Cold, gray, and rainy—you couldn’t have asked for a more perfect day to step into the dystopian world of The Hunger Games. Atlanta Movie Tours is preparing to launch its newest offering, the Girl on Fire tour based on The Hunger Games: Catching Fire and Mockingjay Part I, on February 8. We previewed the adventure recently and learned a little about Atlanta along the way.
Our group departed from Atlanta Movie Tours’ Castleberry Hill office and immediately out the door, we were given our first bit of Hunger Games history courtesy of the nearby Gulch. The area had been used as a large basecamp, and our guide also quickly pointed out the abandoned Norfolk Southern building, which had a brief moment of fame when it was adorned with a large blue screen for Mockingjay Part I’s rappelling scenes. We continued southward, learning about the state of the movie industry in Georgia (spoiler alert, it’s still going strong), passing by the old Atlanta farmers’ market that stood in for District 11 during Catching Fire, and arriving at curious bit of ATL filming history-turned-street art hidden near Adair Park. From behind a sleepy warehouse, we saw “The odds are never in our favor” written exactly as it was during Catching Fire.
We doubled back toward downtown. We passed homes with boarded-up windows and overgrown properties of dubious occupancy. I was reminded of the sign we had just seen, “The odds are never in our favor.” As we drove under I-20, I noticed a small gathering of men keeping warm around a trashcan fire.
Woodruff Park, even on a rainy day at lunch time, is still full of workers, tourists, GSU students, and others going hither and thither. The bus stopped at the polished Marriott Marquis. The hotel lobby, chosen for its unique architecture, is featured prominently in Catching Fire and Mockingjay Part I as the new Tribute Center. Our guide pointed out memorable parts from Catching Fire, including which floor was used as District 12’s quarters (10) and which floor a nude Jena Malone (who played tribute Johanna Mason) walked off the elevator (52, though during one take she mistakenly got off on 51 and ran into a guest).
We returned to the bus and continued traveling up Peachtree. Our guide kept us entertained between stops with stories of filming, Suzanne Collins’ inspiration for the series, and of Jennifer Lawrence being Jennifer Lawrence. (Who knew? J-Law got into a car wreck because she thought she saw Honey Boo Boo.) Our next destination would be The Goat Farm, known to many for its artists and galleries, but to us as District 12. Among the chickens, goats, and creative-types, we found ourselves retracing the very steps Katniss took during her second reaping. We stopped to see where Gale was whipped, where the Hob was burned down, and to admire the coal on the ground, some of which was left after filming.
The bus traversed Northside Drive and into Buckhead’s stately environs to the Swan House, which was used as President Snow’s mansion. At this point, considering the first sites of our tour and what we had seen along the way, driving through Buckhead may very well have been an entirely different world. It’s easy to see why Panem was ripe for rebellion when you can see, just maybe, what it would have been like for Katniss and Peeta to arrive in the Capitol for the very first time.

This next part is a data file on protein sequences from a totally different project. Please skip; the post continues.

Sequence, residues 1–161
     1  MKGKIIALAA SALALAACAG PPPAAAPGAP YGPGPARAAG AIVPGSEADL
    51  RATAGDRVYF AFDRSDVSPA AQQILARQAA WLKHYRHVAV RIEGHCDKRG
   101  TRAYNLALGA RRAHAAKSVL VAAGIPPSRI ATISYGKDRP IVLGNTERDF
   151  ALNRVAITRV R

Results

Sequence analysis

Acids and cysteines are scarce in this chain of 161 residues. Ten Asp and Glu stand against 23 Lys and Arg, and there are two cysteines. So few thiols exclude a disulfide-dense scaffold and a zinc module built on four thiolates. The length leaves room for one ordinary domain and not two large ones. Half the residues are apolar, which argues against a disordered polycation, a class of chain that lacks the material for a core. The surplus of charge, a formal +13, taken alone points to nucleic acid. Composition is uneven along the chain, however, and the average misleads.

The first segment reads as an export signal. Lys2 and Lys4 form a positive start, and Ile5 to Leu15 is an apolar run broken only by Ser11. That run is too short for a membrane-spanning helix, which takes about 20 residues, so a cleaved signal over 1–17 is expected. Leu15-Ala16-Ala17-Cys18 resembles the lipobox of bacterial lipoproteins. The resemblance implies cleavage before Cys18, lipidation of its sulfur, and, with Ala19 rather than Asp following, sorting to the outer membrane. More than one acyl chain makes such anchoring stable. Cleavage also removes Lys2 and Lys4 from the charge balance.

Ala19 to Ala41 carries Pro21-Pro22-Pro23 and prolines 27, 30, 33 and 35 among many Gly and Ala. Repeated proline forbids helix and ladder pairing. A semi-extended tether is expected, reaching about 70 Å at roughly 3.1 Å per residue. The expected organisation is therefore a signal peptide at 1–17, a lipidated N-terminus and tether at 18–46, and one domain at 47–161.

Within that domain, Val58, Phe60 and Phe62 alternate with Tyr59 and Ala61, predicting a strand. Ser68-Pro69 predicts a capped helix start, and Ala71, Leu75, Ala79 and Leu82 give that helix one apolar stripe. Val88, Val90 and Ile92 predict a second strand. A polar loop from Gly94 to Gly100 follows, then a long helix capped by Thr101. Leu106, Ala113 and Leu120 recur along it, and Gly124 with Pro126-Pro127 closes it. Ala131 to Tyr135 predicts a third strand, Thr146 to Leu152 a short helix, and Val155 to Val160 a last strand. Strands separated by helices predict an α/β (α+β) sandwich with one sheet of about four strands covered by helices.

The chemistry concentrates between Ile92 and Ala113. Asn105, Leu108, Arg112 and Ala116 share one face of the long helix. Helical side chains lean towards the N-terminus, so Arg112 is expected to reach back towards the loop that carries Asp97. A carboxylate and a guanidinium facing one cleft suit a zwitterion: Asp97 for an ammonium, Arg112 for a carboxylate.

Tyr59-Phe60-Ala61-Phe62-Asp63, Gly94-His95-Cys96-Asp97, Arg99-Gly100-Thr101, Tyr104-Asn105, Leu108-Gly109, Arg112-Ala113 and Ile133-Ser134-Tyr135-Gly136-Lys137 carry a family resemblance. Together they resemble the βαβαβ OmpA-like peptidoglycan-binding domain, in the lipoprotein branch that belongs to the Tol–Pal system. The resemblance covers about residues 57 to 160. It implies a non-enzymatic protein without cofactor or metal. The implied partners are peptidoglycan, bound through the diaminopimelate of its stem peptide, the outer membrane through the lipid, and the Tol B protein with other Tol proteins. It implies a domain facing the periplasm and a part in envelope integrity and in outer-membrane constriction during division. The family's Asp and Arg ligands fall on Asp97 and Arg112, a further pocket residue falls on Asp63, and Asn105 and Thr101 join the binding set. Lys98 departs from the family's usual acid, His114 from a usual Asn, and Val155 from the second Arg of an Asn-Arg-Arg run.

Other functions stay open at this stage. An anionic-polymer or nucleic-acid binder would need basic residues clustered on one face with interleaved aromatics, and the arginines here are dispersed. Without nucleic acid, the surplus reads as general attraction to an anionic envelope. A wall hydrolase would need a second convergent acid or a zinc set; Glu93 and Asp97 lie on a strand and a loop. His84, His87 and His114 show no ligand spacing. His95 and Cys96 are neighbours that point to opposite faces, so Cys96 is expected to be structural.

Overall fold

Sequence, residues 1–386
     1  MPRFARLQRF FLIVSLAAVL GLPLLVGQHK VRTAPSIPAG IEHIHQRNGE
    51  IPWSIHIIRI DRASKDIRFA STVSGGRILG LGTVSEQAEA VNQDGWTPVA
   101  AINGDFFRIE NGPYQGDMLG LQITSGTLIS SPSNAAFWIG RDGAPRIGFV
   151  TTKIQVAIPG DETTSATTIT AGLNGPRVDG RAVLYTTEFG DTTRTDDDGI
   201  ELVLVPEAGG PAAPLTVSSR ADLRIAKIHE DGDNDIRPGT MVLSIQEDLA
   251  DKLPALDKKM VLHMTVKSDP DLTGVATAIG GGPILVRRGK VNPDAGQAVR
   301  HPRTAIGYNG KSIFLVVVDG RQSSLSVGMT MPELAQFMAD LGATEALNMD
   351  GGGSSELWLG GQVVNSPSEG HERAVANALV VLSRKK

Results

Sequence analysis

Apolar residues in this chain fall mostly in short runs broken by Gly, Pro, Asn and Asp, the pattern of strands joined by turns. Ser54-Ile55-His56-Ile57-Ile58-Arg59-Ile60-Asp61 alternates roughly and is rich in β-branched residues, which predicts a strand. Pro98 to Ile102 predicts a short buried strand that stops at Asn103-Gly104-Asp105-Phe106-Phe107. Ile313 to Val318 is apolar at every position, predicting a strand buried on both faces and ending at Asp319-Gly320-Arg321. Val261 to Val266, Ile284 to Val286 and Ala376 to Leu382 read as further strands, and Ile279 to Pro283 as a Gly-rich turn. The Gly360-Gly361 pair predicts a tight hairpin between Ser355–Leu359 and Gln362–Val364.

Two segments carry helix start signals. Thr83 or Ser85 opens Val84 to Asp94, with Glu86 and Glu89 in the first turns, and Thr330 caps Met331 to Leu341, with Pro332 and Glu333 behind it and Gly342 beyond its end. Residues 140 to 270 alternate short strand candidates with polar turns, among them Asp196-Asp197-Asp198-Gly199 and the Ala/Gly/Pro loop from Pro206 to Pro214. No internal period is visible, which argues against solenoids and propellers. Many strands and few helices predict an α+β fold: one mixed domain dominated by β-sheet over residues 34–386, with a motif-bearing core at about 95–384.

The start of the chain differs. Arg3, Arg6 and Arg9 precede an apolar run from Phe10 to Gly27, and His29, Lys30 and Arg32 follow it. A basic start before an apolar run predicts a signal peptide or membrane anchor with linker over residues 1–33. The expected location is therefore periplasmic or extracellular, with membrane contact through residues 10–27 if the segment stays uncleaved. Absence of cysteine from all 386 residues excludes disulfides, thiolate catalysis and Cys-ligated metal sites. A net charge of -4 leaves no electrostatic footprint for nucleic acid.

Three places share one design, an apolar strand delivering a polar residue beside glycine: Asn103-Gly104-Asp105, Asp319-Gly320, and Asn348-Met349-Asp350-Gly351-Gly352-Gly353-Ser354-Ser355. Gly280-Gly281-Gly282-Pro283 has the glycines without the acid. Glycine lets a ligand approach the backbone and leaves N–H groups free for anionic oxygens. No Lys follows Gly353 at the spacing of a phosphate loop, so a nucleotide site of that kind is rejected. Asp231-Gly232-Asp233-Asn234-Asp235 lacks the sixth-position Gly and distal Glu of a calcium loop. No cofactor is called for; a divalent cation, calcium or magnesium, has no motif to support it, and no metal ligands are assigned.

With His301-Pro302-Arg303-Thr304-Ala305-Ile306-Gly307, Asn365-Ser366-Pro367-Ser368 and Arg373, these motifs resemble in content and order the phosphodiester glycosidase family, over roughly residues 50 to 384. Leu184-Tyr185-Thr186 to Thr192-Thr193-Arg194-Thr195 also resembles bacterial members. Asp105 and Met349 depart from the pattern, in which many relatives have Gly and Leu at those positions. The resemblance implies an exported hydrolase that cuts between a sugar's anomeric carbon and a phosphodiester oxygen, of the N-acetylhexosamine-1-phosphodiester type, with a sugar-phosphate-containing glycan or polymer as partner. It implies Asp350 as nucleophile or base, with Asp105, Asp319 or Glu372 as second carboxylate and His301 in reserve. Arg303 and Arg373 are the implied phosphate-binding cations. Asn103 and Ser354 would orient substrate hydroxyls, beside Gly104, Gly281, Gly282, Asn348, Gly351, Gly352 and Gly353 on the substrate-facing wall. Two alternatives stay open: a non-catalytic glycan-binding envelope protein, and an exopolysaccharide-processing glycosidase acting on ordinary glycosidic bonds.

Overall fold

The Swan House—which is part of the Atlanta History Center—is featured in an AHC Hunger Games package, but most of its features are covered with Atlanta Movie Tours’ Girl on Fire offerings. Aside from viewing the memorabilia preserved by the Atlanta History Center, we were invited into parts of the house reserved for citizens of Panem. Various props, set pieces, script pages, and call sheets have been preserved, as well as President Snow’s desk, which doubles as a wonderful photo op for fans. After mulling about the historic home for 20 minutes, we returned to our bus and began the trek through Midtown and back to Castleberry Hill. Along the way, we were treated to more behind-the-scenes stories and other entertainment that really make the Atlanta Movie Tours worthwhile.
What really stuck with me though was how Suzanne Collins came up with the idea for her books. She had been flipping through TV channels and found seemingly nothing but coverage of the 2003 Invasion of Iraq and reality television programs. Hunger Games fans will enjoy seeing the familiar sights and behind-the-scenes insight that Atlanta Movie Tours’ Girl on Fire tour offers, but the eagle-eyed patron will come away with a deeper appreciation for the symbolism in Suzanne Collins’ works. Collins took the name “Panem” for her world from the Latin panem et circenses, or “bread and circuses,” distracting the public by offering entertainment instead of services. Driving through some of the less-traveled parts of Atlanta and then into the core of its wealth really struck a chord with me. It shows that the same divide Collins puts forth in The Hunger Games is also very much alive in the real world.